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But then, eventually it does end, and you wash it and pin it all out for blocking (because even though it’s a circular shawl you don’t actually have circular blocking wires and are just making do with a million T-pins instead), and it looks sort of nice, like maybe it really did turn out OK after all, and that maybe it was actually a really great idea to start the shawl, because if you only ended up with exactly 5g leftover on the second skein then that’s a pretty great place to have stopped at?

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And so you know how then you think, well, this lace knitting business isn’t so bad, now you have to immediately decide to start another one, even though you have a zillion other things to work on and you know eventually this new one will still have that agonizing almost-done-but-not-yet phase waiting for you?

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Yeah. Me too.

(And if the sunshine ever returns from under these rain clouds that seem to have glued themselves to Southern Ontario, I will totally get on some proper Finished Object photos of the Pi Shawl. But it’s done, and I like it, and it was all worth it.)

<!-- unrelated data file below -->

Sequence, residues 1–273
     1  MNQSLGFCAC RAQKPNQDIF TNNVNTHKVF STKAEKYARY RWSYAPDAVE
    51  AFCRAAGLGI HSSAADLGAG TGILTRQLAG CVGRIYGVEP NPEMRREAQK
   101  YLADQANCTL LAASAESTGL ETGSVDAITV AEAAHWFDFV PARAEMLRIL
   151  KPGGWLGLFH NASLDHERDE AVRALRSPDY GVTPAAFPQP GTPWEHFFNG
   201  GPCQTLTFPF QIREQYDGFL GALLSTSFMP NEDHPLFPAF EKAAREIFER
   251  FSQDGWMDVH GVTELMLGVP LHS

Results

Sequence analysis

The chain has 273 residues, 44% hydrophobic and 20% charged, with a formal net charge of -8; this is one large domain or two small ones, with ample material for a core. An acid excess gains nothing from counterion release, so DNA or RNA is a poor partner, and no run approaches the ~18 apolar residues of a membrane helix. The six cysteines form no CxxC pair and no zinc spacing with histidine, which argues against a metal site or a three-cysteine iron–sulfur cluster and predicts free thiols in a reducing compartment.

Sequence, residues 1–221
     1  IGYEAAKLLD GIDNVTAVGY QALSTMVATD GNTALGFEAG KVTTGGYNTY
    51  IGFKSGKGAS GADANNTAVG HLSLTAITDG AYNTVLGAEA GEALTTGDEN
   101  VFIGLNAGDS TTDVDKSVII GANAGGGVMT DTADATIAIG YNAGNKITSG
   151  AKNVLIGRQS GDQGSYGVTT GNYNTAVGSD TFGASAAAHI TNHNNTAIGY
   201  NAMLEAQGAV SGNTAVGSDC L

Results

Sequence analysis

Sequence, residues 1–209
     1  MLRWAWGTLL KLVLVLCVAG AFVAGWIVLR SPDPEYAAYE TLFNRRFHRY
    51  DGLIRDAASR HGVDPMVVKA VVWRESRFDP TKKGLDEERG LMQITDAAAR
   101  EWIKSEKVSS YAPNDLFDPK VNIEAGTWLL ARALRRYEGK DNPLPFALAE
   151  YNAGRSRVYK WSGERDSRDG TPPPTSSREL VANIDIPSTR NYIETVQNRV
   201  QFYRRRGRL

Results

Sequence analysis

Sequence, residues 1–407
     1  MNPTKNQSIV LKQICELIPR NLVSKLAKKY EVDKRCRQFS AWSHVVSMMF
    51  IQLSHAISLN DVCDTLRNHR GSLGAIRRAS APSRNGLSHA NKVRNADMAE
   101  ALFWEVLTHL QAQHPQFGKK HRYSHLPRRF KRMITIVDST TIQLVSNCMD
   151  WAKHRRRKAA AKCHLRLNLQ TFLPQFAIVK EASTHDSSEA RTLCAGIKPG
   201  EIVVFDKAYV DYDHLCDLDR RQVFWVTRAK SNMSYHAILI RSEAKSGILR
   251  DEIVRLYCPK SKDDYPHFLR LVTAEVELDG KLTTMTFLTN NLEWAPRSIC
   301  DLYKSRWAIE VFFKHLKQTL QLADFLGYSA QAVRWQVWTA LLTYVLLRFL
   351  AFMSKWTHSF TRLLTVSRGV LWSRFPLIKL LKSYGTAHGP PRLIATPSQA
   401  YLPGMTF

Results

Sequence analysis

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Filed under elizabeth zimmerman, finished object: shawl, lace

Lamplight shawl

It never rains but it pours, it seems (well, yesterday it was actually pouring. Cut to me, realizing my umbrella also didn’t make it with me in my move. Hah), with design work, and by some fluke of timing I get to tell you about the shawl pattern I finished over the summer, on the heels of my two pattern reveals last week. This is the Lamplight shawl, a pattern I worked on for Michelle at the Sweet Sheep. Her maternity leave carried on a bit longer than anticipated, so that’s why this is coming to you in September instead of in August as originally planned!